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Discovery reveals brain chemicals working to influence social behaviour

When people make decisions, dopamine seems to closely follow and react to whether the current offer is better or worse than the previous one, as if it were a continuous tracking system.

Deep brain stimulation (DBS) is a neurosurgical procedure involving the placement of a medical device called a neurostimulator. — Image by Hellerhoff, via Wikipedia (CC BY-SA 3.0)
Deep brain stimulation (DBS) is a neurosurgical procedure involving the placement of a medical device called a neurostimulator. — Image by Hellerhoff, via Wikipedia (CC BY-SA 3.0)

In a new study, scientists have delved into the world of chemical neuromodulators actions in the human brain. The research has specifically looked at dopamine and serotonin with the aim of revealing their role in social behaviour.

The research was conducted in Parkinson’s disease patients undergoing brain surgery while awake. The findings homed in on the brain’s substantia nigra, an important area associated with motor control and reward processing.

The research was led by Virginia Tech computational neuroscientist Read Montague. This revealed a previously unknown neurochemical mechanism for a well-known human tendency to make decisions based on social context. This relates to a series of electrical and chemical events.

With the research, four patients receiving deep brain stimulation surgery for Parkinson’s disease were immersed in the “take it or leave it” ultimatum game, a scenario in which they had to accept or reject varying splits of $20 from both human and computer players. Carbon-fibre electrodes were implanted in patients receiving Deep Brain Stimulation surgery and helped collect the data at the Mount Sinai Health System in New York.

For example, one player may propose to keep $16, whereas the patient gets the remaining $4. If the patient rejects the split, then neither of them receives anything.

This showed that when people know they are playing a computer, they tend to play perfectly, just like mathematical economists. In other words, they generally do what they should do. However, when they are playing a human being, they are often driven to punish the smaller bid by rejecting it.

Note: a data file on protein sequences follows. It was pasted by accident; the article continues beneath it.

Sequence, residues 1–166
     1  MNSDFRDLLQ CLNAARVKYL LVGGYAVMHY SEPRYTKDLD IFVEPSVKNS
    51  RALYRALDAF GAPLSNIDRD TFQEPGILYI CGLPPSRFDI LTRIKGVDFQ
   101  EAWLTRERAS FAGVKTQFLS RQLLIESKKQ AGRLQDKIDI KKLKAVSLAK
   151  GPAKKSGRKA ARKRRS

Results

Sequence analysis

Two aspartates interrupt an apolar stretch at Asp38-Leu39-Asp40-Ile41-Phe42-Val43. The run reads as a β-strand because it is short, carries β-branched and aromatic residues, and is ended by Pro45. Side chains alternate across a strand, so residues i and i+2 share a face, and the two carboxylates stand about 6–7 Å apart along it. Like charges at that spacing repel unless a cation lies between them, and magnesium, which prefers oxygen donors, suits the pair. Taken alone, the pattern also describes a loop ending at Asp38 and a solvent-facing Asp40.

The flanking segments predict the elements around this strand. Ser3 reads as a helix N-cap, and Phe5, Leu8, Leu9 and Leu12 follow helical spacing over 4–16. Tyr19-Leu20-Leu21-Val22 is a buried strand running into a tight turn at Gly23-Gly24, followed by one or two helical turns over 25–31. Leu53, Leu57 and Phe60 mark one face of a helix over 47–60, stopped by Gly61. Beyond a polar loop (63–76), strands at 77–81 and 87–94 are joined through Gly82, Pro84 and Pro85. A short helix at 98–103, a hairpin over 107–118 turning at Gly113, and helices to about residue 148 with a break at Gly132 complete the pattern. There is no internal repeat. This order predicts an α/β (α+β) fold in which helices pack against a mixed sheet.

The idea that people make decisions based on social context is not a new one in neural economic games. Yet for first time, researchers have shown the impact of the social context may arise from the dynamic interactions of dopamine and serotonin.

Notably, when people make decisions, dopamine seems to closely follow and react to whether the current offer is better or worse than the previous one, as if it were a continuous tracking system. Dopamine levels are higher when people interact with another human as opposed to a computer.

Serotonin, meanwhile, appears to focus only on the current value of the specific offer at hand, suggesting a more case-by-case evaluation.

Together, these signals contribute to our brain’s overall assessment of value during social interactions.

At some point, after they have evaluated enough people, the researchers hope to be able to address Parkinson’s disease pathology. In Parkinson’s disease, a significant loss of dopamine-producing neurons in the brainstem is a key characteristic that usually coincides with the onset of symptoms.

The research appears in the journal Nature Human Behaviour, titled “Dopamine and serotonin in human substantia nigra track social context and value signals during economic exchange.”

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Dr. Tim Sandle is Digital Journal's Editor-at-Large for science news. Tim specializes in science, technology, environmental, business, and health journalism. He is additionally a practising microbiologist; and an author. He is also interested in history, politics and current affairs.

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